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Bing Gordon: On Being A Contrarian
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Bing Gordon: On Being A Contrarian

June 1, 2009 Article Start Previous Page 2 of 5 Next

What kind of responsibility do you think game developers have to represent various views or social ideas or things like that? And if they have such responsibility, whose responsibility do you think it is? Like a director? Or is it the whole team or what?

BG: I don't think it's up to creators to be even-handed. It'd be like saying, "Hey, Michelangelo. As long as you're making David, can you make Goliath?"

Creation does not understand responsibility, unlike the government-supported media, whose job is supposedly to inform a democracy. The job of art is to inspire, and you want people to go in deep on something. You don't want them to try and present both sides. What you do want to do, honestly...

The Odyssey is a good example of it. There's more violence in The Odyssey than there is in Grand Theft Auto, and it's considered socially redeeming because there's some sense that Odysseus gets his comeuppance.

And it might be a little bit of irony when he wraps the chain around the necks of the town who put up with the enemy soldiers, but the reason that it's is powerful is because you kind of identify with the character and his plight, and you feel the emotion that he felt, and not because the artists adhered to an even-handed history.

Right. I don't necessarily mean to indicate that game developers should feel as though they have to represent all views, but I guess it seems a shame that structures don't exist to support certain types of things. It's amazing that a game like Flower or something like that exists, but there aren't many vehicles for that within traditional games. There's more of that on the web or whatever. I guess it feels like not enough people are pushing for it.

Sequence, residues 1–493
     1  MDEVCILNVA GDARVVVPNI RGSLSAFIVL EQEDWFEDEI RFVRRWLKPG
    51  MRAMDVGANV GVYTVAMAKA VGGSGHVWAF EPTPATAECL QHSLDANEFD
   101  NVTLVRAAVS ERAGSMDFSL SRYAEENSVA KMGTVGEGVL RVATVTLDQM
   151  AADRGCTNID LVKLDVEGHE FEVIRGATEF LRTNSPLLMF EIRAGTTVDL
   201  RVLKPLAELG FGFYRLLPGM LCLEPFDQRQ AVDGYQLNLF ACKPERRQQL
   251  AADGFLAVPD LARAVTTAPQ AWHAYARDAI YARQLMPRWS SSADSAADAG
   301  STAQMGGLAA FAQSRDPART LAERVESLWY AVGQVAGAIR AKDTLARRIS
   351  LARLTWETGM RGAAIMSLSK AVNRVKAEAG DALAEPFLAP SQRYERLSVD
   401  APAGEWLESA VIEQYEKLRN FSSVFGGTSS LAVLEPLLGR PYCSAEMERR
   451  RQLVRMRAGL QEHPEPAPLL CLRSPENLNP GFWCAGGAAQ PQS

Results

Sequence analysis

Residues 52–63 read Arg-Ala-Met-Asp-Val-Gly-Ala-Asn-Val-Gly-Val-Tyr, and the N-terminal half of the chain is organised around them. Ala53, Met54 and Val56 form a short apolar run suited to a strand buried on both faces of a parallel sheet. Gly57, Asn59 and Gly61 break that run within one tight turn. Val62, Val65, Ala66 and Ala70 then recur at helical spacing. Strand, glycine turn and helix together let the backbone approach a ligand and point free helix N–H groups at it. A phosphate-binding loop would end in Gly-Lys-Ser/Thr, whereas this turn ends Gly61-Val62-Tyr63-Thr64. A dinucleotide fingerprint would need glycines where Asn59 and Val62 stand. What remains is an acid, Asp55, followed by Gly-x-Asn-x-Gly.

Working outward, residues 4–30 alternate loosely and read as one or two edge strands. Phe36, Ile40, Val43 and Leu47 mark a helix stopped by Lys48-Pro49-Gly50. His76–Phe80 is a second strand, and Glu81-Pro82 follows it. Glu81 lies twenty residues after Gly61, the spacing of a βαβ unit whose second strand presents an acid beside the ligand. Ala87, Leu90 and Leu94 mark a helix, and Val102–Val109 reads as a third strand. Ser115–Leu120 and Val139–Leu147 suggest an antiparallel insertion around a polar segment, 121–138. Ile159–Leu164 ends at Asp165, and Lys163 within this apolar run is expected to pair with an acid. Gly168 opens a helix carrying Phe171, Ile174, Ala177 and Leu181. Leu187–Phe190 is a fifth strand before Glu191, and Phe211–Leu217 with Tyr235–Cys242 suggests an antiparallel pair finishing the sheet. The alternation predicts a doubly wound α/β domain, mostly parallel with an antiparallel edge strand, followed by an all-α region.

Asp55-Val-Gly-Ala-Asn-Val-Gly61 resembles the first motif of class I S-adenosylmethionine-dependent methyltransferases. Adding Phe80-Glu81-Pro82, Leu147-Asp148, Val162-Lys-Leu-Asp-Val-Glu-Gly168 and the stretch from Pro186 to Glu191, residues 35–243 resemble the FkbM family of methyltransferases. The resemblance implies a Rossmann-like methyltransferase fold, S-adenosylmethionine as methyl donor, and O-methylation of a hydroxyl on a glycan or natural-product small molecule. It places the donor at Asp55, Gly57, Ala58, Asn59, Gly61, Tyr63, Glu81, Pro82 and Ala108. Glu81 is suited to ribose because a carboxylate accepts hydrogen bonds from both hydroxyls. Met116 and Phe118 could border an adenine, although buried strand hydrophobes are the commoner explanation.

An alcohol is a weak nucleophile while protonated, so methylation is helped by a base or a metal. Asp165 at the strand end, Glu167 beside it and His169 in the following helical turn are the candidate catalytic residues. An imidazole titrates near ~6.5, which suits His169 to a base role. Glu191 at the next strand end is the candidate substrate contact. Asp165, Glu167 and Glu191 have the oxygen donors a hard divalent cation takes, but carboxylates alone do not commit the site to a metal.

BG: In the world of movies, there is a place for art films. You can make them for more money, you make them weird and unusual, and they have a following. I don't think there's kind of...

You could have a value judgment that everybody should watch them. You could have a value judgment that everybody should eat foie gras, but it's kind of similar. It's a narrow taste and kind of expensive to do.

I'm coming from the perspective of perhaps games' perception outside of the industry.

BG: But there's a reason why Shakespeare that has Falstaff and sword fighting and murder is more popular than his sonnets. So, he did multiple things, and they stood the test of time. I think that's the same with all creations. You can do something for a narrow specialty audience, or you can do something more broadly that works on multiple levels.

Well, I think there's a different obviously between broad and bland, and I think unfortunately a lot of games tend toward the bland view of getting a wide audience versus trying to take something and twist it, you know?

BG: That's been a critical complaint about creations forever.

[laughs] Okay.

BG: What architects say is that, to some degree, the caliber of their work depends on the caliber of the planet. Here's what I think about it. There are an awful lot of people in the world, where if they got asked, "If I gave you 50 million dollars, would you give me 90 minutes of filmed entertainment," who would say yes.

And it isn't if their fault if what they turn out isn't always good. So, you know, the hard job there is funded. There are more people who can make stuff than there are people who can get the 50 to 90 million bucks. So, shame on bad clients.

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